We’ve got a special streaming suggestion for you weekend warriors: it’s Samurai Saturday.
Samurai movies, known in Japan as “chambara” (literally, “sword fighting movies”), were originally associated with dramatic rather than action movies (think 1954’s “Seven Samurai”). The tendency towards more action-oriented films didn’t occur until later, when a slew of violent samurai films (some laughably cheesy and obvious) downgraded the genre to “B-Movie” status in the ‘70s and ‘80s with enough bright-red paint "blood" spraying each battle set to repaint the Golden Gate Bridge.
Nevertheless, numerous “chambara” from the 1960’s had a massive effect on audiences (some of whom went home to practice spearing each other) as well as filmmakers. You can see the influence of pioneering “Samurai” directors like Akira Kurosawa, Hiroshi Inagaki, and Masaki Kobayashi in the work of filmmakers Sergio Leone, George Lucas, David Mamet, and Quentin Tarantino, among others.
We’ve put together three of the best for this coming weekend — two revered entries and one “instant” classic. Get in touch with your inner Samurai: don your kimono, sharpen those Ginsu knives, and practice the sacred ritual of harakiri on a bag of popcorn.
Three Outlaw Samurai
“Three Outlaw Samurai” (1964) - Hideo Gosha’s epic concerns three renegade ronin who band together with a group of peasants to coerce a magistrate to lower his exorbitant taxes. Yes, it does sound like a Li They even kidnap the magistrate’s daughter to show they’re serious. It’s going to be a long and nasty battle, with lots of swordplay, screaming and grunting as various weapons cut through the innards of many warriors. Like a Walmart Black Friday sale, but with honor and self-respect.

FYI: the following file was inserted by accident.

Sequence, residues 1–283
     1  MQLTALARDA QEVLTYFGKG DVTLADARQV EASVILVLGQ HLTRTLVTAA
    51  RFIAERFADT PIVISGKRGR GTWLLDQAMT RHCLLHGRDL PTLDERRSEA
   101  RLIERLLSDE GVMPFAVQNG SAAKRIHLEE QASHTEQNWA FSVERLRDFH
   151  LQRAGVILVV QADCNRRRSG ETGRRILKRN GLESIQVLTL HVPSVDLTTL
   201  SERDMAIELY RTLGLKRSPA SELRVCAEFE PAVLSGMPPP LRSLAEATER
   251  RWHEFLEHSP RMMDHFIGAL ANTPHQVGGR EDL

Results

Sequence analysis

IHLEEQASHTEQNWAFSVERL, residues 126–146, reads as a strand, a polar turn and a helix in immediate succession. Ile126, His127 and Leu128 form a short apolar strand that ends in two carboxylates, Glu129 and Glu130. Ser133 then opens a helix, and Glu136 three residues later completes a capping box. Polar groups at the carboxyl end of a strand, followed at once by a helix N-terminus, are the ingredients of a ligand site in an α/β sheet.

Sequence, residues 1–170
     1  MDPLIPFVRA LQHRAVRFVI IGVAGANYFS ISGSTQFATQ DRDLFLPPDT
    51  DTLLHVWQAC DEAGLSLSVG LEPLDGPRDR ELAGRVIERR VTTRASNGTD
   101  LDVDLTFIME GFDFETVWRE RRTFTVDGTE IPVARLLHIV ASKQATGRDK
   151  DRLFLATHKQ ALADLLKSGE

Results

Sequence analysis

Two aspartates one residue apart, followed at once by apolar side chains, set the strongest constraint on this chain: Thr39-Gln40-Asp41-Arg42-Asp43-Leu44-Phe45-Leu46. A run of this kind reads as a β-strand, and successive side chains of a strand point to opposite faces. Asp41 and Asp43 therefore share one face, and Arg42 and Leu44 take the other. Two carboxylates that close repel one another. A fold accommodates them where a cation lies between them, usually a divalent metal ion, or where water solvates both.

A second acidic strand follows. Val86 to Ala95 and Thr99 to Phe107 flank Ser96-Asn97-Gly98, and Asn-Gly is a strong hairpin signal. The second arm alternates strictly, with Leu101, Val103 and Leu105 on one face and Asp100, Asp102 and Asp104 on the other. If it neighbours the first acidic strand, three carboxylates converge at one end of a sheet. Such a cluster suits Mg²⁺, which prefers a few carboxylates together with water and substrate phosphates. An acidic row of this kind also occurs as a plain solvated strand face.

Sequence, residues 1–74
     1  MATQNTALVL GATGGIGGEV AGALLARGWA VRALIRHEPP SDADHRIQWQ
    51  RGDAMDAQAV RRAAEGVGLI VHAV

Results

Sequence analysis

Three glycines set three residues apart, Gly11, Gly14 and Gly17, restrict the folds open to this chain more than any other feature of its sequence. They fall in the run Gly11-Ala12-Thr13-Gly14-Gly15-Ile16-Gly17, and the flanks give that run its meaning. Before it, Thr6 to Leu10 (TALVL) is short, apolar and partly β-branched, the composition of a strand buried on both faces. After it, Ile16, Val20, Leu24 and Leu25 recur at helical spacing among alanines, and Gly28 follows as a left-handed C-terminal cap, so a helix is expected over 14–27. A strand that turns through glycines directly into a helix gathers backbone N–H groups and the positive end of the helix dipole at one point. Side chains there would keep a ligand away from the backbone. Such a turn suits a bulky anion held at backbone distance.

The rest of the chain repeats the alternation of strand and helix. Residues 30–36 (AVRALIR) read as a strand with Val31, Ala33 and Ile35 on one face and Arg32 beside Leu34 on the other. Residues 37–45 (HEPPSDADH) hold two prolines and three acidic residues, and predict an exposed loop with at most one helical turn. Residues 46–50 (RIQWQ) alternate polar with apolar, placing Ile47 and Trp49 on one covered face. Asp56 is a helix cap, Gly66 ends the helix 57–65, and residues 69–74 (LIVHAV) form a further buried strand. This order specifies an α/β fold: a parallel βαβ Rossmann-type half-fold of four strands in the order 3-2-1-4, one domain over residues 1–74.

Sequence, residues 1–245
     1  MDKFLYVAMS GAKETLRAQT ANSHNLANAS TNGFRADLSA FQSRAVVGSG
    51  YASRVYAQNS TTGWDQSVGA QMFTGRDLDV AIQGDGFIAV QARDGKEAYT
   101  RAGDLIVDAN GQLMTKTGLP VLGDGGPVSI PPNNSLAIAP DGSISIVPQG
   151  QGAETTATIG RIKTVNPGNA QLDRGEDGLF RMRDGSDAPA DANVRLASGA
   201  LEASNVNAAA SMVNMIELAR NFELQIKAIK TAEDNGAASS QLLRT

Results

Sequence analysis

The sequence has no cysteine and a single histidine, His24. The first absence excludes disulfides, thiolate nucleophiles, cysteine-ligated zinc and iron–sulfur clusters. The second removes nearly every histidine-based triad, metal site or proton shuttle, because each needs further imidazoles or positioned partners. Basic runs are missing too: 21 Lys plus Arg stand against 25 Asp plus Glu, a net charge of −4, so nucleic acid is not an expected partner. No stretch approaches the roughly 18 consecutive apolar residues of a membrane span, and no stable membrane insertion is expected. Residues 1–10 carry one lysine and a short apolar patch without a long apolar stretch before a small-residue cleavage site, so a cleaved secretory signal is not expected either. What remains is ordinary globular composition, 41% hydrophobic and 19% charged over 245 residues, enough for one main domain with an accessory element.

“Samurai Rebellion” (1967) - Masaki Kobayashi’s film features Toshiro Mifune as samurai Isaburo. When the lord he serves insists on banishing his disgraced mistress and having one of Isaboro’s sons marry her, he agrees. The family soon grows attached to the young woman. When circumstances cause the lord to demand her return, Isaburo must choose whether to defy the order and rebel, or obey his lord. Judging by the film’s title, you can probably guess what he decides.
The Twilight Samurai
“The Twilight Samurai” (2002) - This Oscar-nominated film is all about Samurai Seibei, an unkempt, debt-ridden widower saddled with two daughters and a senile mother. An old childhood sweetheart re-enters his life, but he’s too tired to notice. Then his clan gives him a thankless assignment: to kill a fellow Samurai who’s supposedly gone mad. Will Seibei follow through? He doesn’t have that much to lose; maybe he’ll surprise himself — and us.